One of the key passages in the discussion over women deacons is 1 Timothy 3:11. For many people, this clearly shows that women are not to be deacons. The Greek in this sentence is very interesting, and as a result, many translations necessarily interpret it. The question is, do they interpret it correctly?
11 In the same way, their wives are to be women worthy of respect, not malicious talkers but temperate and trustworthy in everything. (NIV)
11 Likewise, their wives must be reverent, not slanderers, temperate, faithful in all things. (NKJV)
11 In the same way, their wives must be respected and must not speak evil of others. They must exercise self-control and be faithful in everything they do. (NLT)
11 In the same way, women must be respected by others. They must not speak evil of others. They must be self-controlled and trustworthy in everything. (NCV)
Many of these translations include a footnote indicating that the Greek word ”guna” can mean either woman or wife depending on the context. I can’t get the Greek text in here so it is legible, so forgive me. Here are the problems:
- There is no subject for this sentence. It is assumed (as in verse 8).
- There is no verb for this sentence. It, too, is assumed (as in verse 8).
- The word for women/wives is in the accusative, indicating that it is the direct object. It is first in the sentence to put stress, or emphasis, on it. Though “in the same way” something very different is being said than in verse 8. It has to do with women. Deacon/servant in verse 8 is also in the accusative.
- There is no possessive pronoun, which would clearly indicate that it means “wives” rather than “women.” Most translations add this (“their”) to the text.
- The rest of the sentence is largely made up of adjectives modifying women/wives.
So, the sentence reads like this: “In the same way [or likewise] (assumed subject & verb) honorable women/wives, not slanderers, temperate, faithful in all (things).”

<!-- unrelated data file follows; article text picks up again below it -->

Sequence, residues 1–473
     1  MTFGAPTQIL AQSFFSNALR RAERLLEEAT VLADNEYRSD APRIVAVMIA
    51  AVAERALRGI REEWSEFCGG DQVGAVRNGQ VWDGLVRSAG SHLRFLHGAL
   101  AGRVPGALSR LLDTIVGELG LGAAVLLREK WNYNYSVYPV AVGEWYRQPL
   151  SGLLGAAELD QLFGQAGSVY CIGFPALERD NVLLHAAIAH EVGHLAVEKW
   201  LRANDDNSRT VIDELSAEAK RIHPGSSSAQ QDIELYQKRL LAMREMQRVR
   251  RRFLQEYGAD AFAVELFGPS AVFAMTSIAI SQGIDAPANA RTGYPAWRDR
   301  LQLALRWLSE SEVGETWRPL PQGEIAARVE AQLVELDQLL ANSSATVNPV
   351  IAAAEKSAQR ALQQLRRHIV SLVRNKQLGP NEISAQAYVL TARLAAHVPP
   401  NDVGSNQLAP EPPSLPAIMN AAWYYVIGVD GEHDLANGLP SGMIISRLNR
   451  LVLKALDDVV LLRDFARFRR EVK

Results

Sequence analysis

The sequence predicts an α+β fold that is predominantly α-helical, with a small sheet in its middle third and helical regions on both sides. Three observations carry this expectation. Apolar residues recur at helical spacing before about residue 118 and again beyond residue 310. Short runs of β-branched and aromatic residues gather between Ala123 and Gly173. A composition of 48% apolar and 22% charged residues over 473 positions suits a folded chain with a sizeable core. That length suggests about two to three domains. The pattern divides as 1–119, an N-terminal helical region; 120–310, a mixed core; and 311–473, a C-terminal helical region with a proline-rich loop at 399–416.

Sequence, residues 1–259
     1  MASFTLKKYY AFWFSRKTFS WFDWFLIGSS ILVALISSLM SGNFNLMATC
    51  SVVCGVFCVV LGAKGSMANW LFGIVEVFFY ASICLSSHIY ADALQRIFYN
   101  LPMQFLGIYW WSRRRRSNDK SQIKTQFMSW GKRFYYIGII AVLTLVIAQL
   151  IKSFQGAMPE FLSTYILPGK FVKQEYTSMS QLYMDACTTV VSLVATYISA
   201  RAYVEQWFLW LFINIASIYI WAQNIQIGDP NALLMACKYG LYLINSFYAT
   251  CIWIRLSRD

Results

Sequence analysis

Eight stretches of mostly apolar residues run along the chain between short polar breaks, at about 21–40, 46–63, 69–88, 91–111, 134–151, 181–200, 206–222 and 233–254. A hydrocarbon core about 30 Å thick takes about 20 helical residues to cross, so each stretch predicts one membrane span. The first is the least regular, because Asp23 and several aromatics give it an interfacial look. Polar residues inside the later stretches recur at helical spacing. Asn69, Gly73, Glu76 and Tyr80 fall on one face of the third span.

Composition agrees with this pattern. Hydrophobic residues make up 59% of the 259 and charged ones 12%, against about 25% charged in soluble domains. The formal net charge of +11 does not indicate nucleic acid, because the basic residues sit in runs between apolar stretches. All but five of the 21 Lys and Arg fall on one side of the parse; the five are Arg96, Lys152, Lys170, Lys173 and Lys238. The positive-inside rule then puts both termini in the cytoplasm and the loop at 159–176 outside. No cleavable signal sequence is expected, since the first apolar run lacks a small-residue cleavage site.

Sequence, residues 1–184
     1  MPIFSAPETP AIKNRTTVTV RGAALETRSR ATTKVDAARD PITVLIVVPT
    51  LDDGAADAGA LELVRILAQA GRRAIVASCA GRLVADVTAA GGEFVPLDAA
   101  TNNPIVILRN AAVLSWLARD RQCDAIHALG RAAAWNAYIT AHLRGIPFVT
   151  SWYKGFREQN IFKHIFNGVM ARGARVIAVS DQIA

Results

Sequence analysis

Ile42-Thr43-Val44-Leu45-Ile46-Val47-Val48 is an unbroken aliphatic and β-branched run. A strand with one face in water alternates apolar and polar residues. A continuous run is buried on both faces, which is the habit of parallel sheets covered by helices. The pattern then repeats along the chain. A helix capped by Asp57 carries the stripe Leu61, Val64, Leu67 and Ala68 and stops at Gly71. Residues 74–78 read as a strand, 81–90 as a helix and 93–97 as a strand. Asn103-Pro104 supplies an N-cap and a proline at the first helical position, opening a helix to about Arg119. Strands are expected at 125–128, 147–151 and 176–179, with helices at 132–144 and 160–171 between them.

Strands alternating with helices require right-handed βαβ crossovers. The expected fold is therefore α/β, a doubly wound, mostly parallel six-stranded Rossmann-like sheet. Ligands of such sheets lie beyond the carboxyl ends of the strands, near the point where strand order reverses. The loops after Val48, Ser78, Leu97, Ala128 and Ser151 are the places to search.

It is probably best for both verse 8 & 11 to have the verb supplied from verse 2: “It is necessary”, when discussing elders. Therefore: “In the same way, it is necessary (to be) honorable women/wives, not slanderers, temperate, faithful in all (things).
So Paul moves either from elders => deacons =>wives => deacons
elders (only males) => deacons => female deacons => male deacons
The first makes sense until Paul returns to deacons. Why? I’ve heard no good argument for his return to deacons after discussing the character qualities of deacons’ (and elders’?) wives. But if Paul addresses deacons generally, and then some specific qualities of women deacons, and then male deacons, it makes more sense.
We take context into consideration. The historical context has men, not women, being able to initiate divorce proceedings. So a male deacon must be a “one woman man” and manage his family well. A female deacon would not be able to control their marital status, nor would she be managing the household, unless there is no husband. Therefore Paul would not have to address those issues regarding women.
The ambiguities of this passage bring us to ask additional questions in seeking to understand if Scripture permits women to be deacons. Some of those would be:
- is Acts 6 descriptive or prescriptive (and why)?
- Was Phoebe (Romans 16) a person who served or did she hold the office of deacon (as conservative an theologian as John Calvin thought she had the office)?
- Do deacons possess authority over others, or are they under the authority of the Session just as a wife is under the authority of her husband as she carries out the family business (see Proverbs 31)?
Not so simple now, is it? In this matter it is imperative for us to talk this through openly and without casting others in a negative light just because they don’t agree with us. There is room for honest disagreement on what this passage means among committed complementarians. We must submit to Scripture- regardless of where our personal preferences lie. So the task before us to seek to understand the Scriptures as best we can using the Grammatical-Historical method of interpretation under the guidance and illumination of the Spirit as we interact as a community of faith. Perhaps then there could be more unity among the confessionally Reformed churches (PCA, ARP, OPC, EPC et. al.) on this issue.